Sharing Culture

Posted On November 18, 2011

Filed under events, music

Comments Dropped 8 responses

Now that I’m gone from Finland, I have opportunities to share all of what I learned with people in my life. I recently went to a local small Heathen event where we all shared creative endeavors, whether it was poetry, song, or artwork. Even though it was Asatru, I was more than welcome to share Finnish traditions. I wore my Euran puku there, and had songs ready to sing. The problem I’ve found with the Taivaannaula song book is that there is no notation in the book, so most of the songs I am not sure how they go. Some of them I do remember from being at events though. Finnish songs are characterized as being call and response, but now that I am in a culture (visiting America right now) where people don’t know Finnish, I had to be careful of what I picked out. I picked out one that I remember well from Taivaannaula events called “Viikon Viivyin Viipurissa”, where the response is just “lii-lii-lii-o-lii-o-lii-o-lii” x2. I sang two lines, and that part was at the end for everyone to sing. Though people did not understand what I was saying in the lines, they had fun singing it, and enjoyed hearing what Finnish sounded like. They all said that it sounded very beautiful. I shared a bit about the clothing I was wearing, and sang two ritual songs. I’m really happy to be able to share Finnish culture with people outside of Finland now; pagans in particular, since not very many people know of these traditions.

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8 Responses to “Sharing Culture”

  1. Kauko

    I’m curious about whether in your experiences (with Pagans, Heathen or just with people in general outside of Finland) if you have had to frequently explain to people that Finnish culture, language and paganism are different and unrelated to Germanic heathenry? It’s been my experience, here in America, that people just don’t know anything about Finland and because of its association with Scandinavian countries they just assume that it is part of the same cultural/ linguistic group. Consequently, I’ve spent my share of time explaining to people how it is different. Among Pagans and Heathens I often find myself correcting those who call Asatru/ Heathenry/ Germanic Paganism as ‘the indigenous religion of Northern Europe’, by informing them that there are other peoples, cultures and religions in northern Europe aside from Germanic. So, as I said, I’m curious if you (and other Finns reading this) have had the same kinds of experiences. 🙂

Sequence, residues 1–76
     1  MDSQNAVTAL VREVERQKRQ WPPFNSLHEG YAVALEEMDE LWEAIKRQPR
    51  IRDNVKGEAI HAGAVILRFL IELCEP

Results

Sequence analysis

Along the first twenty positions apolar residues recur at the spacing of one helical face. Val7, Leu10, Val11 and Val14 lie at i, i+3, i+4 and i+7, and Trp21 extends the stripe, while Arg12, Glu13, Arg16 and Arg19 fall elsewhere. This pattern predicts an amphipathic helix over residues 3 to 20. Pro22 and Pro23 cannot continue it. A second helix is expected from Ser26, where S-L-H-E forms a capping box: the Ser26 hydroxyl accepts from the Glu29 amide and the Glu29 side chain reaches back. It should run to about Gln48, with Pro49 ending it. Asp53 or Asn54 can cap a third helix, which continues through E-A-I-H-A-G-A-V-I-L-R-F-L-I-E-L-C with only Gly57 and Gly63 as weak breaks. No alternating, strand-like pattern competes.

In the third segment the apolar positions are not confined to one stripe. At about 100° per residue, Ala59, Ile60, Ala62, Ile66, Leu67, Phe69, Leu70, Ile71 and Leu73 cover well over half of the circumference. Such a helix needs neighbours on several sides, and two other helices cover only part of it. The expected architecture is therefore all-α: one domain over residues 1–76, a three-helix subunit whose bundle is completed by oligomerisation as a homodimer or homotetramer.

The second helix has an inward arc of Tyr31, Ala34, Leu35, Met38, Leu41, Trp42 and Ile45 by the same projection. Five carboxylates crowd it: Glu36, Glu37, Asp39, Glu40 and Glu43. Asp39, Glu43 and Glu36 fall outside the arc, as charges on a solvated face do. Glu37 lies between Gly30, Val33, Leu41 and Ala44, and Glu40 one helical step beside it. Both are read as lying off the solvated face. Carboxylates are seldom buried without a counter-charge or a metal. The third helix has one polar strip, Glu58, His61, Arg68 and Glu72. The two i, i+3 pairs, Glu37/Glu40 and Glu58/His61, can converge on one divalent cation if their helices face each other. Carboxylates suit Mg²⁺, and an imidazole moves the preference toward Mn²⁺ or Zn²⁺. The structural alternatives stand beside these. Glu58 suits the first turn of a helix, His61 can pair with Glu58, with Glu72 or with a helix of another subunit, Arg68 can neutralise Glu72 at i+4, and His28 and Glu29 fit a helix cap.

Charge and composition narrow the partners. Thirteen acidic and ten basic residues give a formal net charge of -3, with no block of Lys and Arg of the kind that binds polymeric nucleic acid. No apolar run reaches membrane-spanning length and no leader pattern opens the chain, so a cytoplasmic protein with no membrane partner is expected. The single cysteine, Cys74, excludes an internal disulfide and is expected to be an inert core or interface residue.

• Christine

      I have had that occasion all too often as well, mainly in informing people that Finland is not actually Scandinavia and it being a different language family. I get really irritated at especially the term “northern tradition paganism”, because when people who label their religion that refer to the “northern tradition” and its gods, they only ever talk about Germanic deities and use Germanic terms. But saying “northern” is so vague! I think that people tend to forget about Finland since it’s in its own little category. Perhaps the fact that their flag is the same style as the Scandinavian countries, people think that must mean they are one and the same culture.

      • Kauko

        The whole ‘Northern Tradition’ thing is a big pet peeve of mine too. I encounter some of the people behind that rebranding of heathenry/ Asatru as Northern Tradition on various sites I visit and I’ve learned to keep quiet about it because i don’t want to be obnoxious and in their faces about it. But I am always quick to correct anymore who outright says that Germanic paganism/ Asatru etc is the indigenous religion of northern Europe and point out that Finns, Sami, Baltic and Slavic peoples are in northern Europe too.

  2. Cardimom Brennan

    Thanks so much for your continued sharing about Finnish traditions, and you thoughts. I am very interested in Finnish traditions and Finnish language. I am not of Finnish descent that I know of, But Baltic/Slavic and Irish, however as a child my father used to read a children’s version of the Kalevala to me and it has stayed with me through out my life. I have also been well schooled that Finland is not Scandinavia, and Finnish is not Germanic/Indo European, and It has it’s own traditions, and perspective. I hope I am not viewed as some sort of intruder, as I am only looking increase knowledge. Thanks again.

    • Christine

      You wouldn’t be seen as an intruder if it is something that you really feel connected with. It is nice to hear of people interested in Finland.

      • Cardimom Brennan

        Glad to know that. Thanks.

  3. Päivi

    It has been very interesting to read your blog. How is your relation to suomenusko after you have left Finland, if I may ask?

    I see myself as suomenuskoinen though I don’t live in Finland at the moment (I’m Finnish). Maybe that’s the reason why I found this religion because it’s my origin. I have never met Taivaannaula people, but I have thought about joining it.

    • Christine

      I think it’s still remaining pretty strong actually. Gods of course can be contacted anywhere, as well as ancestors. The feeling of the land isn’t the same of course, but it’s not as difficult as I thought it would be to continue practicing suomenusko. The only sad part is that pretty soon, holidays will start coming up that I can no longer celebrate with others again.

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